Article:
To be sure, a court may determine, based upon the evidence, the case should proceed as a collective action and ratify the scope of the collective advocated by the name plaintiff. Nevertheless, Swales underscored the availability of other options:
“After considering all available evidence, the district court may conclude that the [p]laintiffs and [o]pt-ins are too diverse a group to be ‘similarly situated’ for purposes of answering whether … Plaintiffs have met their burden of establishing similarity. If that is the case, it may decide that it needs further discovery to make this determination. Or it may find that only certain subcategories of [employees] … should receive notice.”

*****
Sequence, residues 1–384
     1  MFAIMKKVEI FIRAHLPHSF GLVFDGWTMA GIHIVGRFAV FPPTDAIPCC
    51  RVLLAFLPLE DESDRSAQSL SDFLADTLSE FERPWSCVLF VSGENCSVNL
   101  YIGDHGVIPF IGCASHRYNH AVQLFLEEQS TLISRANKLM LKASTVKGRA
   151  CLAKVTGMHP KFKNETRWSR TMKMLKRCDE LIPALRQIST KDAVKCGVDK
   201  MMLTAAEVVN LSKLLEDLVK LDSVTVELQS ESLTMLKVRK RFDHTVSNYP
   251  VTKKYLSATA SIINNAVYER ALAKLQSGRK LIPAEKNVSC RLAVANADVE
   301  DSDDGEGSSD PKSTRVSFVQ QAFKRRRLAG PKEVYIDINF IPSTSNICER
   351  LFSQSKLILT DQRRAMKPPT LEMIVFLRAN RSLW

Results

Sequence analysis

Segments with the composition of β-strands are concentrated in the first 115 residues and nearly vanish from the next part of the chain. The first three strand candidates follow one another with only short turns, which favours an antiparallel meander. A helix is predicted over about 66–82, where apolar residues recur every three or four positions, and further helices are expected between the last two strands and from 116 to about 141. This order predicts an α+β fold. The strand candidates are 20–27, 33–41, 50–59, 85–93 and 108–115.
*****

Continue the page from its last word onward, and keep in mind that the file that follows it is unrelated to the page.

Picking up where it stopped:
The procedure set forth by the Fifth Circuit puts the cart where it belongs, after the horse. By determining at the outset if, or to what extent, the putative opt-in plaintiffs are “similarly situated” to the named plaintiff, the court avoids (1) needless notices to individuals who should not be part of the collective, (2) stirring up potential new litigation, and (3) the need to determine at a later date whether the collective should be culled.
It remains to be seen whether other circuits will follow the lead of the Fifth Circuit. For now, Lusardi is ostensibly still followed in the Eleventh Circuit (Morgan v. Family Dollar Stores), and the Tenth Circuit (Thiessen v. General Electric Capital Corp.).
Robert G. Chadwick, Jr. frequently speaks to non-profit organizations regarding labor & employment issues. To contact him for a speaking engagement please e-mail him at email@example.com